The Banggai Cardinalfish (or of the Moluccas), Pterapogon Kauderni, comes from the territory between Sulawesi and Moluccas. Its diffusion is localized near the island of Banggai, therefore within the English language it is associated with the popular name “Banggai Cardinal”. Back in 1920, the fish was captured by Dr. Kaudern in Indonesia, and 13 years later it was scientifically described by Koumans, but from that time on it had been almost forgot. Only in 1992 an underwater touristic entrepreneur, Kal Muller, saw this unknown fish at the island of Banggai. He sent some photos to Allen, in Perth, who after a long research stated that a sample individual was conserved at the Museum of natural history in Leiden, so that the species was rediscovered 60 years later.
P. Kauderni does not live in the coral reef. Its typical habitat is provided by the algae beds, in which it stays in small groups of 2 to 60 individuals, often among the long spines of urchins belonging to the Diadema kind.
The body is silvery and crossed by black vertical stripes, which is probably an adaptation to the environment of the algal beds. Among the black spines of the Diadema urchin, the vertical body bands help the fish to dissolve its own contours just like among the algae. The big eyes, as typical of this family, indicate a crepuscular and nocturnal lifestyle.
P. Kauderni reaches 6 centimeters in length.
In aquarium, the cardinal fish of the Moluccas in the daytime mainly stays near the decoration and gladly stops under a rocky jump too. The fish concentrates on the careful observation of the surrounding environment, but as food is administered it can also approach very quickly. Despite the mainly nocturnal activity, normally during the day it does not hide. These animals feel comfortable in groups, but after the formation of the couple they become territorial and may result as very aggressive towards their own conspecifics. It is important to maintain a temperature between 24 and 28°C, and a moderate circulation of the water.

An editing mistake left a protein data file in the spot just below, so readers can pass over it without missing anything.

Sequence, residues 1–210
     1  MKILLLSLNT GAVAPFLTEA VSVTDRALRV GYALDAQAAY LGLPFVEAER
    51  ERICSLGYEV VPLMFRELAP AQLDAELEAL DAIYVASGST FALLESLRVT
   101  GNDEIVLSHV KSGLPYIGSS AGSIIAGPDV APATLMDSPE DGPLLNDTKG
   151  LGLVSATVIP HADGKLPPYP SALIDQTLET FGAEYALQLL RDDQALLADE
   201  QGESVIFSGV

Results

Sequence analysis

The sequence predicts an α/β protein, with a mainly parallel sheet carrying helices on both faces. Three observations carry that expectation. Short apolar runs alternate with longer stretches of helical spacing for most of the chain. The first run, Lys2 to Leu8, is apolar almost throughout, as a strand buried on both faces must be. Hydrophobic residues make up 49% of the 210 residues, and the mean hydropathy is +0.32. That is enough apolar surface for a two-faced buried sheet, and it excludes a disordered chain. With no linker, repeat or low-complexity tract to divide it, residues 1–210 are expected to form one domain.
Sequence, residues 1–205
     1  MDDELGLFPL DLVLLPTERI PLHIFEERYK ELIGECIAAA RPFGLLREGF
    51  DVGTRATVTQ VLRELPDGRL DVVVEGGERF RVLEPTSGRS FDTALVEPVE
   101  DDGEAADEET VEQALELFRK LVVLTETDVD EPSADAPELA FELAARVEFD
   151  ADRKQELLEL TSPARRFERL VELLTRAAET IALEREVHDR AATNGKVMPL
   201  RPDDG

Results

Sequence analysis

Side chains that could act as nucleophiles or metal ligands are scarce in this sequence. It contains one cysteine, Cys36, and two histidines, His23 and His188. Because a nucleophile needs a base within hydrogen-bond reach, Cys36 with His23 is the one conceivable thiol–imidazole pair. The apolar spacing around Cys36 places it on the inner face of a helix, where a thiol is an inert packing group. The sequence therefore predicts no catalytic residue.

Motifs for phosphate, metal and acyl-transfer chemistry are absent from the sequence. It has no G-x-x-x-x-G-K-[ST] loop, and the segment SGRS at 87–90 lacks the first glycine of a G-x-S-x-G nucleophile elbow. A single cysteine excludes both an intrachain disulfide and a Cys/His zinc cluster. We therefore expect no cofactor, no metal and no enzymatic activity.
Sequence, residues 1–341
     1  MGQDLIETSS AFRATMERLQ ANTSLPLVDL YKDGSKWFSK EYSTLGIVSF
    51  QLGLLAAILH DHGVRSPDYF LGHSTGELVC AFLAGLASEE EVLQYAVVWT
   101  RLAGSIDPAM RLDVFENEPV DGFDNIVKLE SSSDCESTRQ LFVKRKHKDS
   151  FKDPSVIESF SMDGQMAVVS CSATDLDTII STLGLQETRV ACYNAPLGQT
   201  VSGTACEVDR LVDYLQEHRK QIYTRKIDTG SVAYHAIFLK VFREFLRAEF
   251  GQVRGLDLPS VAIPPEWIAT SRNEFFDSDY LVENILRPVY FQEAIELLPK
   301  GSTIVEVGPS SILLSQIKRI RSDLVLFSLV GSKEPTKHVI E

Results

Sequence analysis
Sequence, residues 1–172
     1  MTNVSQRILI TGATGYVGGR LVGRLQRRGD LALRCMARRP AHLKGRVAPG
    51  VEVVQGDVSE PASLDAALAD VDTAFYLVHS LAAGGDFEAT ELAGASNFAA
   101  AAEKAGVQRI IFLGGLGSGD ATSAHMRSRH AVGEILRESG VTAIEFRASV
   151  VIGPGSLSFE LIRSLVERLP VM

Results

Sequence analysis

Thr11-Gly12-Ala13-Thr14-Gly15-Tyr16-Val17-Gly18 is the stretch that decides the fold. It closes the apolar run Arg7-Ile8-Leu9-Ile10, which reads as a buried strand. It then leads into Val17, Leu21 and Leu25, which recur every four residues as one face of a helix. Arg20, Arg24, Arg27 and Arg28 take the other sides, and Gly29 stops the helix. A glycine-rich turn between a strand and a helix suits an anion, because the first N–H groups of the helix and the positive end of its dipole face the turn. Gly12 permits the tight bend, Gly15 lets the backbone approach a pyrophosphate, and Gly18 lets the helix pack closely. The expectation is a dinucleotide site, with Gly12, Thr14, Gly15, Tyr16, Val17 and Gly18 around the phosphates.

The reproduction of P. Kauderni is much easier than that of many others marine fish. For this purpose it is very suitable to use a little thematic tank (around 100 liters), in which only one couple is maintained. The male not only brings the eggs until the hatching, but it also does the same for several days with the newborns, whose number normally varies between 20 and 30. In the father’s mouth the young fish feed on their sac-fry. These, which then tend to form a dense school, should be fed at least three times a day. For this purpose the just hatched artemias, which before the administration can be enriched with a nutritious solution, are suitable. Many aquarists report better successes when the young fish are maintained in small groups of few (and equally big) individuals, because in this way the weakest ones have a better chance of survival. As early as after a few weeks the male will be able again to bring eggs in its mouth. If you breed at the same time several groups of young fish with a different age, the presence of the Diadema urchins is particularly important. The youngest fish among the spines find a refuge from their older (and cannibal) brothers.
In nature the cardinal fish of the Moluccas mainly feeds on small crustaceans. In aquarium the living or frozen Mysis, the frozen adult artemias, shredded fish and lobster eggs are more suitable than others. The species (at least initially) does not accept any type of dried food, and even various types of frozen foods are spat back, especially when they are of bad quality.
Given that these fish let themselves be reproduced quite easily, they have quickly found many aficionados among the aquarists. Considering the very limited diffusion of this species, it is really important that as many individuals as possible come from the reproductions. Only those aquarists who also want to attempt their reproduction should buy them. Already today, after such a short time, the natural population is excessively exploited and therefore menaced. Should the import of so many capture individuals continue, the cardinal fish of the Moluccas could actually become a victim of the marine aquarists.